ADEN (Reuters) – Yemen’s separatist Southern Transitional Council (STC) early on Sunday announced it would establish a self-ruled administration in the regions under their control, which the internationally recognized Saudi-backed government said would have “catastrophic consequences” for a November peace deal.
Under a deal to end the power struggle in south Yemen agreed in Riyadh, the STC and other regions in the south were supposed to join a new national cabinet and place all forces under control of the internationally recognized government. The STC is supported by the United Arab Emirates.
“The Southern Transitional Council announces a self administration rule in the south, as of midnight Saturday, April 25th 2020”, a statement by the STC said early on Sunday.
Emergency rules were also announced in the city of Aden and all the southern governorates, the statement added.
Reuters witnesses reported heavy security deployment of STC armed forces in Aden, the interim capital of President Abd-Rabbu Mansour Hadi’s internationally recognized government which was ousted from the capital Sanaa in 2014 by the Iran-aligned Houthis.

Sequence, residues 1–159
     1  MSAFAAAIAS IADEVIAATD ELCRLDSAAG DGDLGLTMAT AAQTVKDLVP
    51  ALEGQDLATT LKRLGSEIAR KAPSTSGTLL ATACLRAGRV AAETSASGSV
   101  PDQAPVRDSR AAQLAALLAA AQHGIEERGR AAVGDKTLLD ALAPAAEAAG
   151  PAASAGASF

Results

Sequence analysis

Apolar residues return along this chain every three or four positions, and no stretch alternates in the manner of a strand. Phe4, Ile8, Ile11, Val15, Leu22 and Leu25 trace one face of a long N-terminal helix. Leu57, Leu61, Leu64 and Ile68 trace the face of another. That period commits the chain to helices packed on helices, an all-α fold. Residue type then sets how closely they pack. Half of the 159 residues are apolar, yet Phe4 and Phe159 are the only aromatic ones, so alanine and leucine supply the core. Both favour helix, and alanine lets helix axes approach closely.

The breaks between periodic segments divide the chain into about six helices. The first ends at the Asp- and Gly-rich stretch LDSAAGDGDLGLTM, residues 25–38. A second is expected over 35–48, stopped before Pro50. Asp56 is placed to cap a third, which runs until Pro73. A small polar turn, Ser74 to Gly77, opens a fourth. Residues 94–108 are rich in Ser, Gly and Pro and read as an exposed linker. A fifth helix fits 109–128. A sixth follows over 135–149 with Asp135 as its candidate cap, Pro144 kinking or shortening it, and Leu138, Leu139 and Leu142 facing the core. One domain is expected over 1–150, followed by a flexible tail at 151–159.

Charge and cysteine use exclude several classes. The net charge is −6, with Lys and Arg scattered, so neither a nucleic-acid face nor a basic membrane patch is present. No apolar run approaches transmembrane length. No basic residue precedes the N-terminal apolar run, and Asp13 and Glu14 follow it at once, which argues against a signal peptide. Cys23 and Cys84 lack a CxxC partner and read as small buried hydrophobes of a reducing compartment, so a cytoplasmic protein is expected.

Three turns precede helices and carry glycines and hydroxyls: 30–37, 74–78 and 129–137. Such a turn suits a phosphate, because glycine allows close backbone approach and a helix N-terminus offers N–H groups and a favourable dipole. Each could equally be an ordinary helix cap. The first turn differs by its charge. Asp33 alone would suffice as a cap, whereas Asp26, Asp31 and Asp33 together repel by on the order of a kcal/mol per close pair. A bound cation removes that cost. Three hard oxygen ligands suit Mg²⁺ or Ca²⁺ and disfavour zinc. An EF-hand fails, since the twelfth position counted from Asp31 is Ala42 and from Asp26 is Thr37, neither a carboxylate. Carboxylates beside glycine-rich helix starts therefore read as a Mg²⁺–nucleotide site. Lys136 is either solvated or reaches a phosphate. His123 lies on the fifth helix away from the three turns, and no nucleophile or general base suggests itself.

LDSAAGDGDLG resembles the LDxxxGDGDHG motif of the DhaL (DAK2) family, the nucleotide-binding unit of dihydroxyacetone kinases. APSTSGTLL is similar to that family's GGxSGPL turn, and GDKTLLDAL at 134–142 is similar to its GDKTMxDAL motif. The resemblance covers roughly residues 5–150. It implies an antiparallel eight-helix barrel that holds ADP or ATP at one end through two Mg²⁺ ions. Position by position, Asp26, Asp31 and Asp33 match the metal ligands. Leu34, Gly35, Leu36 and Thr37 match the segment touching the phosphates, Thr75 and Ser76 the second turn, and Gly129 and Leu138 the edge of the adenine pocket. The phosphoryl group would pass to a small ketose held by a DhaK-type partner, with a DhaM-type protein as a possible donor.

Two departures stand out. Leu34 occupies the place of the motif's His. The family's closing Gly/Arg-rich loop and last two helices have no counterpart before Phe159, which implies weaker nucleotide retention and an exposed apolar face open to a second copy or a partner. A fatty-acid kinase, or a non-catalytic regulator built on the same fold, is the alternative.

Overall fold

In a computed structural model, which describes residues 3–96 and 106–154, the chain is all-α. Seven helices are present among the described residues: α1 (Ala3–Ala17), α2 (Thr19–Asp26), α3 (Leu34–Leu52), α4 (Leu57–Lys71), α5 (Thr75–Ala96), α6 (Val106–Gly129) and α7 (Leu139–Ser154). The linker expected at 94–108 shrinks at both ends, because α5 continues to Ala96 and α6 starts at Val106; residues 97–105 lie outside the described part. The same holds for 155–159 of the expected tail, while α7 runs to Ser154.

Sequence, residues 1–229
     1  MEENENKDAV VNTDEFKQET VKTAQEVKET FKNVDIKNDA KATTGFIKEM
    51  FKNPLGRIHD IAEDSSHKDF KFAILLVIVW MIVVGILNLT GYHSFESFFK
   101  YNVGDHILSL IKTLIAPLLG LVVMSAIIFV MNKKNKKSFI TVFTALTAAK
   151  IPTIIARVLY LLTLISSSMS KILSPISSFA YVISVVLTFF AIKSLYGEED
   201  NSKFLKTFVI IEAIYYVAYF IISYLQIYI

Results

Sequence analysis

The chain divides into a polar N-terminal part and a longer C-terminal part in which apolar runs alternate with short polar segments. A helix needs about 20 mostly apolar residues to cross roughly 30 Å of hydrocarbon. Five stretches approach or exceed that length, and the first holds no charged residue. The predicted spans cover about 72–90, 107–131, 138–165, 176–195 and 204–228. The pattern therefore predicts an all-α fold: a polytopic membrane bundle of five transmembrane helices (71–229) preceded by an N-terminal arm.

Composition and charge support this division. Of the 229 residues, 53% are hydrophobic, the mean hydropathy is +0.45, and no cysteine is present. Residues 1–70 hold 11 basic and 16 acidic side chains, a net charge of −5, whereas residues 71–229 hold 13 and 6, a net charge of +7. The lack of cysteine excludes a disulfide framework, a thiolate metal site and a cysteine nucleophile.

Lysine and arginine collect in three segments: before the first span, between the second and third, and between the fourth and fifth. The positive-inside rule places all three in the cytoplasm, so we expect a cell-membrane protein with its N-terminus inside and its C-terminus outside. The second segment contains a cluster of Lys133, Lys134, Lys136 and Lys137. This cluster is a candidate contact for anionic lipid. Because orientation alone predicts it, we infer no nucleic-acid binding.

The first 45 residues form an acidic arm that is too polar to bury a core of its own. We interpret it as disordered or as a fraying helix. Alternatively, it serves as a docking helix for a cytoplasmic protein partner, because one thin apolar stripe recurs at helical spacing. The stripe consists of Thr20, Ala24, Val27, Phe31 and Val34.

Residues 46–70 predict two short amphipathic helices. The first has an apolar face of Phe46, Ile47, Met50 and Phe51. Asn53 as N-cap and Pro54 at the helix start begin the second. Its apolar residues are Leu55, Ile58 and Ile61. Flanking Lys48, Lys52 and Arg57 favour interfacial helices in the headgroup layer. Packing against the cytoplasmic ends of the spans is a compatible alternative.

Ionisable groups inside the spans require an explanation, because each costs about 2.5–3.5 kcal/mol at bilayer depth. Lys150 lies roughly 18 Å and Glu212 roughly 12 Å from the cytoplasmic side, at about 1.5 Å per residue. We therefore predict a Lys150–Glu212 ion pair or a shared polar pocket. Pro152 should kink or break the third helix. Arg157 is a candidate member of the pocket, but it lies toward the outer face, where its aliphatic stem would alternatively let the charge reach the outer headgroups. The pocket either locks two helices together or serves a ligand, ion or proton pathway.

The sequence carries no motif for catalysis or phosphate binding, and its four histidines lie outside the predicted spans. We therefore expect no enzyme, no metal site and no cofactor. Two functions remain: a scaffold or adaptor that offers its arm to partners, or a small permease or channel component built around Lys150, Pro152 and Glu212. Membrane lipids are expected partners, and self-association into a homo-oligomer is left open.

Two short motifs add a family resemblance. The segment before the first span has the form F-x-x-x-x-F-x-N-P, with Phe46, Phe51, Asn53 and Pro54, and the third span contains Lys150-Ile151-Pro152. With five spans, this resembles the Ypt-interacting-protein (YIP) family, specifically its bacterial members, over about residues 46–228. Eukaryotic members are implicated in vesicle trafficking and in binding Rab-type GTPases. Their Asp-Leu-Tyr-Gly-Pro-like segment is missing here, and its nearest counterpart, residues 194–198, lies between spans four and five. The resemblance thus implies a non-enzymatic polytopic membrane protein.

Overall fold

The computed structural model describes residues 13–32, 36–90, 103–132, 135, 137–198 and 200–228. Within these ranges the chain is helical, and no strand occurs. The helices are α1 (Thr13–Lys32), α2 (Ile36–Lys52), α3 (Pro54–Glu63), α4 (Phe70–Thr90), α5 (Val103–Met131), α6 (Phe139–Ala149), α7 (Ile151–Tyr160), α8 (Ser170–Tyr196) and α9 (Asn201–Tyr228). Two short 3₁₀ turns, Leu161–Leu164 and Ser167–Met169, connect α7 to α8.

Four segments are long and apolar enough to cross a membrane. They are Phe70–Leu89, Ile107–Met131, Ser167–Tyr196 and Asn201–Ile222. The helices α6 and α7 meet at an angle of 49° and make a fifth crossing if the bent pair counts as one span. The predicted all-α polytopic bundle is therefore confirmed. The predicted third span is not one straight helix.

“The announcement by the so-called transitional council of its intention to establish a southern administration is a resumption of its armed insurgency… and an announcement of its rejection and complete withdrawal from the Riyadh agreement,” Yemen’s Foreign Minister Mohammed Al-Hadhrami said in a statement posted by the ministry on Twitter.
“The so-called transitional council will bear alone the dangerous and catastrophic consequences for such an announcement,” the statement added.
STC is part of the Sunni Muslim alliance that intervened in Yemen in March 2015 to restore power to Hadi’s government. But the separatists, who had sought self-rule in the south, turned on the government in August and seized its interim seat of Aden.
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